If you're up on a Thursday night, there's plenty of good barbeque available all up and down Higuera Street (which everyone insists on pronouncing HI-Guera). Thursday nights are Farmer's Market. They block off the Higuera, and there are dozens of restaurants, fruit and vegetable farmers (most with free samples), and flower shops who set up booths along the street. There are at least 3 big Barbeque stands, and I'm almost positive all of them serve tri-tip in some form. I think F. McClintock's is one of them. If not - stop in their restaurant in Shell Beach - there's a tri-tip sandwich on the menu. Mo's, even though a chain, also has pretty decent regular BBQ, both at their street booth and in the restaurant, and they have tri-tip at the street booth. I also highly recommend the linguica from just about any of stands. Even if you're not a big red meat fan, you can still find plenty of good food at the Farmer's Market. Plus, it's fun. There are always bands playing at several of the intersections and various other street performers. The line-up changes every week.

The Central Coast was a fabulous place to live. My airmen used to complain that it wasn't very exciting, and I suppose that's true for a young single person without a car, but I never ran out of things to see and do. The towns are fairly small, but they all have personality. I used to drive up to Cal Poly in SLO to buy cheese from the dairy farm that's part of the Agriculture program. Arroyo Grande (local pronounciation is Grandy) is another cool little town. Be sure to stop by Klondike Pizza. It's not exactly classy - it's an eat-peanuts-while-you-wait-and-throw-the-shells-on-the-floor kind of place, but they have excellent pizza, featuring reindeer sausage. Pismo Beach features the Splash Cafe, who serves - hand's down - the best clam chowder I've ever tasted. Plus it probably has the nicest beach in the area - but I'll warn you - the water is cold!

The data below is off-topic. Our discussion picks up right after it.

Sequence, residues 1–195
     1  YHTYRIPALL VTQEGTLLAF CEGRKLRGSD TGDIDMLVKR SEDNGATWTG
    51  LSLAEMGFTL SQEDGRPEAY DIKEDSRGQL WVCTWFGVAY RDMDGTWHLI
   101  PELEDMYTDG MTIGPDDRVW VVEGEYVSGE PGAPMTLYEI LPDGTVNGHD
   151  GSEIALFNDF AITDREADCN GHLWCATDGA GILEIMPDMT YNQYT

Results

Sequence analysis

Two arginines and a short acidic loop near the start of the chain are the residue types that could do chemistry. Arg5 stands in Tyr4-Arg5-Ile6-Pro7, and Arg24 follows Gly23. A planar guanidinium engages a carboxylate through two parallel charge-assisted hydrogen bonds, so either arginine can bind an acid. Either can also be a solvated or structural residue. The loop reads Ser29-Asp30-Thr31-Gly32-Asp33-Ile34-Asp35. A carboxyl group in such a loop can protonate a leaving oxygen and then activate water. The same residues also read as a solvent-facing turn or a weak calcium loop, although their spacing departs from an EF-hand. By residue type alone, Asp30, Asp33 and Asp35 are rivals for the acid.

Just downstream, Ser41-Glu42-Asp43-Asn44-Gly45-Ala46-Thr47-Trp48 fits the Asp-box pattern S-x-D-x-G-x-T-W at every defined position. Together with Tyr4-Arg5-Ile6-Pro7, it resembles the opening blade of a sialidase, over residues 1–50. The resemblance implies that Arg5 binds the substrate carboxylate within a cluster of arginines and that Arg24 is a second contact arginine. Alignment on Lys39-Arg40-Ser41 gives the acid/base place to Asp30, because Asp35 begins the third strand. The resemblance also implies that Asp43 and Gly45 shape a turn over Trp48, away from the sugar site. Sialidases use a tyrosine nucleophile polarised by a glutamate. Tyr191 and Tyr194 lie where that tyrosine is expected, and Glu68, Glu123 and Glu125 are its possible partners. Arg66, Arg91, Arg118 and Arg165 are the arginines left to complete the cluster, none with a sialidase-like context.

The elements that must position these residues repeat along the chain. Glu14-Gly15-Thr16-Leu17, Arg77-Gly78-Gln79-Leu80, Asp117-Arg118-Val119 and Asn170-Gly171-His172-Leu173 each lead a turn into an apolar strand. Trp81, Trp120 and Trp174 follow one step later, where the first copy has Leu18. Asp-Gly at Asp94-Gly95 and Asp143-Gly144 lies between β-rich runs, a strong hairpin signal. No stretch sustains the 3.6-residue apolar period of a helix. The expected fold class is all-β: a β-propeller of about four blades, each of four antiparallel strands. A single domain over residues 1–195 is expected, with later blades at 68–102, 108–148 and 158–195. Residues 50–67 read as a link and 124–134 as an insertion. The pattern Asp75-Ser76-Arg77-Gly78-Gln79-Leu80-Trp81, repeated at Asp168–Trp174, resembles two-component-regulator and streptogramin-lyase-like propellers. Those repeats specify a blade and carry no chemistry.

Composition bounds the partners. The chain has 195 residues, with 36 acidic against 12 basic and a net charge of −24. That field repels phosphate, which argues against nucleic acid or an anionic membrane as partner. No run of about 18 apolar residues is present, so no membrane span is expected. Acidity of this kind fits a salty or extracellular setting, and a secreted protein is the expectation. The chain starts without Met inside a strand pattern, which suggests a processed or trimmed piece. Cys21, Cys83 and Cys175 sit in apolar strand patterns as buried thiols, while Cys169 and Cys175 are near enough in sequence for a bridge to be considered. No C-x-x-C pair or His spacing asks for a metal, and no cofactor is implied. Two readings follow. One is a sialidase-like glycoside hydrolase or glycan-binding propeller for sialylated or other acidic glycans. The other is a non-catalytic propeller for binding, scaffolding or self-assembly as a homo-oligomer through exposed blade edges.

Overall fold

And, of course, Santa Maria is one of the largest growing areas for strawberries, which means that you can either buy the strawberries at one of the many stands just off Highway 101 (I recommend the one off Betteravia), or at one of the many other Farmer's Markets in the area. Before we left the area, I put up 48 jars of strawberry preserves. And I'm sad now, because we're running low.

I'll save Santa Barbara and Santa Ynez (where most of the Central Coast wineries are) for another post, since this one is getting a bit long and unwieldy. I don't know if I covered everything Fitz-Hume hoped I would and anyway, no one said the post had to be coherent.

*If you are interested in visiting The Hitching Post, I prefer the Casmalia location over the Buellton one, although the Buellton location was recently featured in the movie "Sideways."

Comments:
Thanks!

Exactly what I was hoping for. Now I have a bit of an insider's guide - can't wait until summer.
 
Damn girl, you go on with your bad self...nice post.
 
I live in Santa Maria. Very good article. Also try AJ Spurs in Buellton and Alex BBQ in Shell Beach, both very good.
 
Dang it! I knew I was missing one! I meant to mention AJ Spurs. Unfortunately, I never tried the other one...
 
I agree, the Hitching post in Casmalia is better than the one in Buellton. As the AJ Spurs in Buellton is better than the one in Arroyo Grande formerly a Wm Cody restaurant. The Alex BBQ is right across US101 from McClintocks. Alex BBQ is a no frills type place, but the babyback ribs and tri tip is probably the best in that area. Nothing beats the the BBQS on Broadway in Santa Maria or H street in Lompoc.